Colombo, Media and Communications, Peace and Conflict

Dhammapada and Other Works

“Dhammapada and Other Works”- An exhibition of Paintings and Installations by Chandraguptha Thenuwara was inaugurated at the Lionel Wendt Gallery in Colombo on 23rd July 2008.It was organised to ‘Commemoration of the Un-Commemorative Julys’. Being an anti-war artist, Chandraguptha Thenuwara has sought to remind his fellow Sri Lankans of Lord Buddha’s teachings about tolerance and peace.

The exhibition will remain open till 29th July 2008 from 10am-7pm. Chandraguptha Thenuwara is a senior lecturer at the University of Visual Arts in Colombo. He is also the Director of Vibhavi-Academy of Fine Arts, which was founded in 1993.

An abstract of “Dhamapada” by Chandraguptha Thenuwara:-
From childhood we are never allowed to forget that we live in a dharma-dveepa (an island of righteousness).  The full force of modern communication technology and the education system are both harnessed to this ‘fact’. Even if we don’t awaken to the sound of the bells in the nearby Buddhist temple, we open our eyes to a world in which there is some Buddhist preaching going on, on the radio or on television. Moreover, we live with the confidence that Buddhism is safe in our island, protected even by our Constitution.  

Our culture is always described as a ‘Buddhist’ culture. Politicians remind us of this whenever they have the occasion to do so. Saying that ordinary politicians were abusing both the religion and the people by making false references to Buddhism, the most precious Sangha was escorted ceremoniously into that most hallowed shrine of politicians, the Parliament, and are now firmly ensconced there through the ballot of the people. The people know all this very well.  

Most venerable statues of the Lord Buddha are to be seen coming up at every junction.  Residents of some areas have become so holy that when they are helpless in the face of a garbage heap, they erect a Buddha statue in that place, and erase the garbage dump forever. 

Each year since 1983, the month of July has dawned as no ordinary month. July acquired a new meaning as a marker of terrorism and militarism by spreading a stain of shame that we cannot wash away even today. On July 23, 1983, 13 soldiers were killed in the north.  An attempt was made to play politics with their bodies, which were brought to Colombo. Because of this, a massacre of Tamils took place. Since ‘Black July’, since that day, July 25, 1983, the rate of destruction of human lives has grown rapidly. Thousands of politicians, soldiers and other professionals, so-called Liberation Tigers and all those who are labeled as opponents have been brutally murdered using a hundred and one justifications.  Today, these deaths are reduced to a ‘News Alert’ SMS or a ‘Breaking News’ story.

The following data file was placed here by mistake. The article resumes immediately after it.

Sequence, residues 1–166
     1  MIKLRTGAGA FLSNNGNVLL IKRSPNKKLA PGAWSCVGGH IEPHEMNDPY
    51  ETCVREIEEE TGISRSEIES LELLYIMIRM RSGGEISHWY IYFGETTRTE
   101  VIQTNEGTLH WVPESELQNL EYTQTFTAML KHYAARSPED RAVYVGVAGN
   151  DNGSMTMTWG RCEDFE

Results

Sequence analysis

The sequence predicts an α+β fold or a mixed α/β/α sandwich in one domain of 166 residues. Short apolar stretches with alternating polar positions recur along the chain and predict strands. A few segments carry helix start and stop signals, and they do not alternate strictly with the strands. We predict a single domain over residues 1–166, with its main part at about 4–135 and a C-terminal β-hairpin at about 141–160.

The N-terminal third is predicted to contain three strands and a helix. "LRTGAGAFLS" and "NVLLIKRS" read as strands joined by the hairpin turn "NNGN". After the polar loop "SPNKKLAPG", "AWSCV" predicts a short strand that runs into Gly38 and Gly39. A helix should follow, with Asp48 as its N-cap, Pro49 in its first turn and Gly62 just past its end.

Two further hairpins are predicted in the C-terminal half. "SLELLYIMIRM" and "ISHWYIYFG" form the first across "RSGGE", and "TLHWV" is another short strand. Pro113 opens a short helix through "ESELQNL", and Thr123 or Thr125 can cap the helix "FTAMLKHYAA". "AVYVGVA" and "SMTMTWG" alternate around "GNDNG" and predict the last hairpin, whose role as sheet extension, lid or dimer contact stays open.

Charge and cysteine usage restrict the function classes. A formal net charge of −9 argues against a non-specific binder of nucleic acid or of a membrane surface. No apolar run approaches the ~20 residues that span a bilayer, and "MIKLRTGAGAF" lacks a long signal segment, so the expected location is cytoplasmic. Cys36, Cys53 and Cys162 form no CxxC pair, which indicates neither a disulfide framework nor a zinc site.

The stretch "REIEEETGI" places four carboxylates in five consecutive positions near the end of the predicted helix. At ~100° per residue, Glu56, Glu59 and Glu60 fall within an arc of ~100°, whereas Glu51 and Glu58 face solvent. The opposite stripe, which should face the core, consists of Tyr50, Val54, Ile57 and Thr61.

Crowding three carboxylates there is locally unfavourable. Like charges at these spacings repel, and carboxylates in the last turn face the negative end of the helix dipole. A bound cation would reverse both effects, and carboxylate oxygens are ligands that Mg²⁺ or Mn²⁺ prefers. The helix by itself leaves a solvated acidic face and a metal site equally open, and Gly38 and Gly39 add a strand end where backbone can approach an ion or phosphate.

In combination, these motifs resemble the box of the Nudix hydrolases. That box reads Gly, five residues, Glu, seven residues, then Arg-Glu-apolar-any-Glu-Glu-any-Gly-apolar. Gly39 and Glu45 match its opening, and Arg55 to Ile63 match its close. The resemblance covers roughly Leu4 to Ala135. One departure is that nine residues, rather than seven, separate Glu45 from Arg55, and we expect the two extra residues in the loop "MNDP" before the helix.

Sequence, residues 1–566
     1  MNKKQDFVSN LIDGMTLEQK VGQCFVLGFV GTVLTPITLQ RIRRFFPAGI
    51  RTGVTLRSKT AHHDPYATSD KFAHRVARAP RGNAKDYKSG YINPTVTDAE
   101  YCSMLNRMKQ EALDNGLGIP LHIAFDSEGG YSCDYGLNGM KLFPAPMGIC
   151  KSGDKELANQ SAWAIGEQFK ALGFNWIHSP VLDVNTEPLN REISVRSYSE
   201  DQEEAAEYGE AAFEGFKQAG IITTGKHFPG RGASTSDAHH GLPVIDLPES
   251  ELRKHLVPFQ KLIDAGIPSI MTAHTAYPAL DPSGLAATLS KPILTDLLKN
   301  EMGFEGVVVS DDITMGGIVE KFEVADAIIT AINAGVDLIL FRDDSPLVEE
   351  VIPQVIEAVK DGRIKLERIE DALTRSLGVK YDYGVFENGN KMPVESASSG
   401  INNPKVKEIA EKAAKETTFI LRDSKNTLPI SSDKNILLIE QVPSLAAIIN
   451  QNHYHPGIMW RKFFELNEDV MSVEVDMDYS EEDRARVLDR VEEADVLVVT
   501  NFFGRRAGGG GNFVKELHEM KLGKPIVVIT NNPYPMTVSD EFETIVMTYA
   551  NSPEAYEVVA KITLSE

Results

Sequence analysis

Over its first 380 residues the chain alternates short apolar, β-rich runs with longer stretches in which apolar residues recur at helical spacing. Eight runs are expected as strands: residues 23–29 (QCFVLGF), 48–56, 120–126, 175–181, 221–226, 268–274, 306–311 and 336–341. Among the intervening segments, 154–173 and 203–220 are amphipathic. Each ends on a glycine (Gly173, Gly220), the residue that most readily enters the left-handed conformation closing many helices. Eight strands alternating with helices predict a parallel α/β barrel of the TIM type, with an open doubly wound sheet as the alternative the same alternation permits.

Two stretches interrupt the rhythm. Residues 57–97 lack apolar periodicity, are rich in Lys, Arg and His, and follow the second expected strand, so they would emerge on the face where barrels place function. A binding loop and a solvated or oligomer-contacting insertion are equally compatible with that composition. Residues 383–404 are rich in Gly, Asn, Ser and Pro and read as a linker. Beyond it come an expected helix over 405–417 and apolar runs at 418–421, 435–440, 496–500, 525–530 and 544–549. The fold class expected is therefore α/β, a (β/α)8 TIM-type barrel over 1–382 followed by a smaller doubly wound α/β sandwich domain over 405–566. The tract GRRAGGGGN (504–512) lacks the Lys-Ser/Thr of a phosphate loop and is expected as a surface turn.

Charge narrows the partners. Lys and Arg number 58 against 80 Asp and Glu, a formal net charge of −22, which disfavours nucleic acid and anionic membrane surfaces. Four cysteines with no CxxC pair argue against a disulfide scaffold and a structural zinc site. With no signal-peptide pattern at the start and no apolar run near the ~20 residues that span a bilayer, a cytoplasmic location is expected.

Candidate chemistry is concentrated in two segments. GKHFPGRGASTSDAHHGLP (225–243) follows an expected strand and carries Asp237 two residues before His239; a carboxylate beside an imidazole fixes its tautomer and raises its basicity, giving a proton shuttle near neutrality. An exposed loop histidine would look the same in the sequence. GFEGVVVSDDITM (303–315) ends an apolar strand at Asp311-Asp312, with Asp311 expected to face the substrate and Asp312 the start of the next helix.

The cycle of assassination that began with the killing of Alfred Duraiappah in Jaffna on July 25, 1975, moves ever forward. While they are in power, no politician accepts that there are specific issues that are based on ethnicity. While in power politicians turn a deaf ear to whatever is being forcefully brought to their attention in a democratic manner.  When there seemed to be no further room for democratic manoeuvre, the young took up arms on behalf of those who confronted the issues. At one time, they were Sinhalese. At another time, they were Tamil. The armed Sinhalese were repressed. Perhaps this could be done because the majority of the rulers were Sinhalese themselves. The consequences occasionally still rear their heads, although they do not any longer bear arms. The educated young Tamils who have taken up arms have grown to the point that they cannot be repressed.  For years now we have heard those who declare, at times loudly and at other times softly,  that those who take up arms can be destroyed by arms, as if to fool themselves. Yet each time, it is the words of the Buddha that have been proven to be true. That is, that those who take up arms will perish by arms. Those who are crazy with racism and militarism boast that they can defeat the enemy.  In order to hide the fact that soldiers who bear arms are also dying, they say that they have sacrificed their lives. In the same way, in the terrorist operations arena, those who kill themselves and kill others also become heroes who have sacrificed their lives. While they race on in the spirit of self-sacrifice, they also compel innocent civilians to sacrifice their lives.